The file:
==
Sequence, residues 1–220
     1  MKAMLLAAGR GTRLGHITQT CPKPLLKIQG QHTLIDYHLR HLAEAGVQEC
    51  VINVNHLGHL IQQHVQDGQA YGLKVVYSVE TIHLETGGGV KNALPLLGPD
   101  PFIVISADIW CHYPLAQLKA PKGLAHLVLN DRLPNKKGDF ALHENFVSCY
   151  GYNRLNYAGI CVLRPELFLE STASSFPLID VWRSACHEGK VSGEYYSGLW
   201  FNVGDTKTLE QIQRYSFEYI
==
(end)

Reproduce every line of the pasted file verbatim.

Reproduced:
Sequence, residues 1–220
     1  MKAMLLAAGR GTRLGHITQT CPKPLLKIQG QHTLIDYHLR HLAEAGVQEC
    51  VINVNHLGHL IQQHVQDGQA YGLKVVYSVE TIHLETGGGV KNALPLLGPD
   101  PFIVISADIW CHYPLAQLKA PKGLAHLVLN DRLPNKKGDF ALHENFVSCY
   151  GYNRLNYAGI CVLRPELFLE STASSFPLID VWRSACHEGK VSGEYYSGLW
   201  FNVGDTKTLE QIQRYSFEYI